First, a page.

Nepal: Militant Hindutva raises its ugly head – as historic elections approach

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By: WEA RLC Principal Researcher and Writer, Elizabeth Kendal


On 10 April, Nepalis will vote in historic constituent assembly elections. And
this is no routine election -- it is the culmination of three years of
upheaval and peace process. The constituent assembly elected on 10 April will
draft the new secular constitution which will replace the 1990 Constitution
which describes Nepal as a Hindu Kingdom.


On 1 February 2005 Nepal's King Gyanendra, backed by the Nepalese Army,
dismissed the Prime Minister and his government and seized absolute power in a
bloodless coup. Anti-monarchy sentiment subsequently soared and in November
2005 the previously disparate opposition parties joined forces to form the
Seven Party Alliance (SPA) in opposition to direct, totalitarian royal rule.

In April 2006, crippling mass demonstrations in Kathmandu ultimately forced
King Gyanendra to step down and hand power to SPA. The Maoists then declared a
ceasefire. On 18 May 2006 Nepal's new parliament publicly declared that Nepal
would no longer be a Hindu Kingdom but would now be a secular state. An
interim government was formed that included the Maoists.

On 21 November 2006 the Maoists and the SPA signed a Comprehensive Peace
Agreement committed to advancing human rights and equity, bringing to an end
the decade-long civil conflict. Constituent assembly elections were slated for
June 2007, after which a new Constitution would be drafted. (See LINK 1)

Various setbacks, including insecurity and political fractures with the
Maoist, forced the postponement of the elections in June 2007 and then again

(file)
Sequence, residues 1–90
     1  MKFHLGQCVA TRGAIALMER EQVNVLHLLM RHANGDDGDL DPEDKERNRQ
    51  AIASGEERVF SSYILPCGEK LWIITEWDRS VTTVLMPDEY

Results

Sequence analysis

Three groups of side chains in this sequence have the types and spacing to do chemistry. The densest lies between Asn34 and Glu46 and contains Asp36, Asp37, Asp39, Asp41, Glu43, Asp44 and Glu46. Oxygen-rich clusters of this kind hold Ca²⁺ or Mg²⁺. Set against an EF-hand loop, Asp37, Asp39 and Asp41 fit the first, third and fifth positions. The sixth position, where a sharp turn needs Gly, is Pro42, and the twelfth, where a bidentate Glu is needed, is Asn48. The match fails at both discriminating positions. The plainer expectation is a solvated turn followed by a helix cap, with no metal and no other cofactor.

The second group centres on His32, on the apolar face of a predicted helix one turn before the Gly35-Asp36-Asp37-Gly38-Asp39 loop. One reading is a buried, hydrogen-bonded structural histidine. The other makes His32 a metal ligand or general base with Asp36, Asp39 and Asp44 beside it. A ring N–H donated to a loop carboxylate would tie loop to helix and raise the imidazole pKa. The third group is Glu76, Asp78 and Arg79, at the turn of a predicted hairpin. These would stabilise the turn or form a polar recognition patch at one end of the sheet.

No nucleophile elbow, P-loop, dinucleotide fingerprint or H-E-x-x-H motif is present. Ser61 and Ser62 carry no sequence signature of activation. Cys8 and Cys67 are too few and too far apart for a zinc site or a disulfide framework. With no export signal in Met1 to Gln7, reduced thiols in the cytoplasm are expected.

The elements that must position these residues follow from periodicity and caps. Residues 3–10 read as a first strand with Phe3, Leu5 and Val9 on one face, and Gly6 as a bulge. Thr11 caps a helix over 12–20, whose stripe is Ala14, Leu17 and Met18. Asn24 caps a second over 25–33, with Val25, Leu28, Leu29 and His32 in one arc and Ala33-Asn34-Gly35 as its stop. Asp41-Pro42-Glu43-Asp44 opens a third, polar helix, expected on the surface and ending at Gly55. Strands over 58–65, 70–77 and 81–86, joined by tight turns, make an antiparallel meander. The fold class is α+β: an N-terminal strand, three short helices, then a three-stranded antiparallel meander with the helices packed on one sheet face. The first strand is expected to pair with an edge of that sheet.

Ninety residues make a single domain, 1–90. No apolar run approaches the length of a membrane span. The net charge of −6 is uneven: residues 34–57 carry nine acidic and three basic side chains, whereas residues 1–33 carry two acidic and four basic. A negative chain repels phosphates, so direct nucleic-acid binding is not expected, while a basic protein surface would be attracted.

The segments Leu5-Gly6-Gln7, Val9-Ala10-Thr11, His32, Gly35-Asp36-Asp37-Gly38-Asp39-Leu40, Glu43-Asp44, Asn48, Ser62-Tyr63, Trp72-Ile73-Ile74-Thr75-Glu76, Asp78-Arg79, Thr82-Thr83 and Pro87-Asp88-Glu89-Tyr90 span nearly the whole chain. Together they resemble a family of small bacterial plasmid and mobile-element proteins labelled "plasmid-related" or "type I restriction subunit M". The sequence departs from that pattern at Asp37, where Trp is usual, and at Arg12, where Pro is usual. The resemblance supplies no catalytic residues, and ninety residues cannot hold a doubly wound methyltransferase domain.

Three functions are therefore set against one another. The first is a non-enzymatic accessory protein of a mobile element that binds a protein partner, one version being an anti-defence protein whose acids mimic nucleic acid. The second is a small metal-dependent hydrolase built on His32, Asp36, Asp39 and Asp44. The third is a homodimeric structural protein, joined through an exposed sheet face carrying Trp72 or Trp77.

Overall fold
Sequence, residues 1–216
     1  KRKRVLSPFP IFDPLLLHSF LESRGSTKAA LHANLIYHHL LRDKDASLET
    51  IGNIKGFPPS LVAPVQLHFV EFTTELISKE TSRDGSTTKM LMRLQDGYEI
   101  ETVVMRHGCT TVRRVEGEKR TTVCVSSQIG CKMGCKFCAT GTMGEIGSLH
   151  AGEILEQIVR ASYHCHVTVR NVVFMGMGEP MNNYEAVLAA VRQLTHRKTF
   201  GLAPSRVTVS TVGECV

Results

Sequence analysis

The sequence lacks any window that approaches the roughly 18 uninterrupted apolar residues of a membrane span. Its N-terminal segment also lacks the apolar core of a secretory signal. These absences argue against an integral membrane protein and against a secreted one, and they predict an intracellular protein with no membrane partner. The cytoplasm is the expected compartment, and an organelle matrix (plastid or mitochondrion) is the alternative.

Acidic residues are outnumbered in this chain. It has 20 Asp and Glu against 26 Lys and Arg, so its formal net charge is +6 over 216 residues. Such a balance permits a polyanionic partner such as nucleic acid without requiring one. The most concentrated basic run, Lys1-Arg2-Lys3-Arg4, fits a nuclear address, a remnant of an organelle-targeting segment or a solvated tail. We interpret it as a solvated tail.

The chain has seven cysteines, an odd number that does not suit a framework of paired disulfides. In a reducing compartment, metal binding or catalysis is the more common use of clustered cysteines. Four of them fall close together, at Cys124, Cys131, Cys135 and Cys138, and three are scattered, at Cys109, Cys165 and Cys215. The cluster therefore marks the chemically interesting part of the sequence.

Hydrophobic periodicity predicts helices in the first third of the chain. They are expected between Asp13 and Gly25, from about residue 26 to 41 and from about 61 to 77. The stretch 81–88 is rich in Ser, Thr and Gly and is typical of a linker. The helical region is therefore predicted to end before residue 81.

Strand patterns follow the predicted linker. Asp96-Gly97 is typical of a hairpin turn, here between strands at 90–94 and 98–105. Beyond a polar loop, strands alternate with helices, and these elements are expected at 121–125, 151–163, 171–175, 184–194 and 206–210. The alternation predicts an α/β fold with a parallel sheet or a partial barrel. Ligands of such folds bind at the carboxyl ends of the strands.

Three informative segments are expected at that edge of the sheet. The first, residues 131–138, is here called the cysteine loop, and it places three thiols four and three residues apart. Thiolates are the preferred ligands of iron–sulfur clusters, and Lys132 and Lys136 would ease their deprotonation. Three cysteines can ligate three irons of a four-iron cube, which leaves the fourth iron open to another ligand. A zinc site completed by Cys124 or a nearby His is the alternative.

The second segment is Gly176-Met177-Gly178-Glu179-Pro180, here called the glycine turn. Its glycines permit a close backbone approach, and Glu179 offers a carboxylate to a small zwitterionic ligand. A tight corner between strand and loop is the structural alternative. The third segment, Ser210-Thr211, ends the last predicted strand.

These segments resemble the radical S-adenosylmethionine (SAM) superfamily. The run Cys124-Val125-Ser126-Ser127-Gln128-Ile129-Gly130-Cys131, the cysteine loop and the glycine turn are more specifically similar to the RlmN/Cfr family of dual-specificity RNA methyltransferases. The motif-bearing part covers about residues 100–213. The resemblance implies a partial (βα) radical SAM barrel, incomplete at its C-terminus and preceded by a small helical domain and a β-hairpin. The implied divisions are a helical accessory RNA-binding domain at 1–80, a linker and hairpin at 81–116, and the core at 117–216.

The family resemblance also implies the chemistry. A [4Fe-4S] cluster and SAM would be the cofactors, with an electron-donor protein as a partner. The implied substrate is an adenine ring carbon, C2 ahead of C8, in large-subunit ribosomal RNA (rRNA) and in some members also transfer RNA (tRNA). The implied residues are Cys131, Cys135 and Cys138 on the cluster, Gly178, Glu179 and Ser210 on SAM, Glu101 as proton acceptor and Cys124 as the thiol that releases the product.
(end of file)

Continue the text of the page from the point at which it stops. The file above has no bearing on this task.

in November 2007.

Over recent months various anti-democratic, anti-secular and marginalised
ethnic groups have been escalating their protests, militancy, and violent
intimidation of voters in the run-up to the historic elections, forcing Prime
Minister Girija Prasad Koirala to appeal to all political parties to put an
end to the violence.

Security has been bolstered and some 135,000 police are being deployed to
polling booths in Nepal's 240 constituencies. There is also considerable
concern that after the elections, powerful, armed, not-so-democratic losers
might undo Nepal's tentative peace.


Needless to say, not everyone was excited by the 18 May 2006 declaration of
secularism. Nepal's Hindutva (Hindu nationalist) elements, with backing from
Hindutva forces in India, immediately increased their intolerant rhetoric and
exploited the confusion of the Hindu masses. On 22 May 2006 some 5000 Hindus
rallied in Birgunj, a southern town in the "Hindutva belt" on the border with
India, protesting the parliament's resolution to turn Nepal into a secular
state. The rallies were organised by activists from the World Hindu Federation
(WHF) and Shiv Sena Nepal. The protestors blocked the Tribhuvan highway on the
Bara-Parsa industrial belt near the Indian border. Shouting "Jay Shree Ram!"
(Lord Ram is great!), they burnt tyres, logs and newspapers that supported the
resolution. (See LINK 2)

A group calling itself the Nepal Defense Army (NDA) committed several minor
acts of terrorism during 2007, primarily targeting Maoist institutions. It
claims it is fighting for Nepal's reinstatement as a Hindu state.

On the evening of Wednesday 12 March 2008 a bomb exploded in the regional
office of Kantipur Publications in Biratnagar, a city some 240 km south-east
of Kathmandu in the Hindutva belt on the Indian border. Kantipur, a Nepali
news service, reported that the explosion caused no harm to the staff or the
office property. "Though it was not immediately clear who carried out the
attack, the pamphlets found at the explosion site suggested that 'Nepal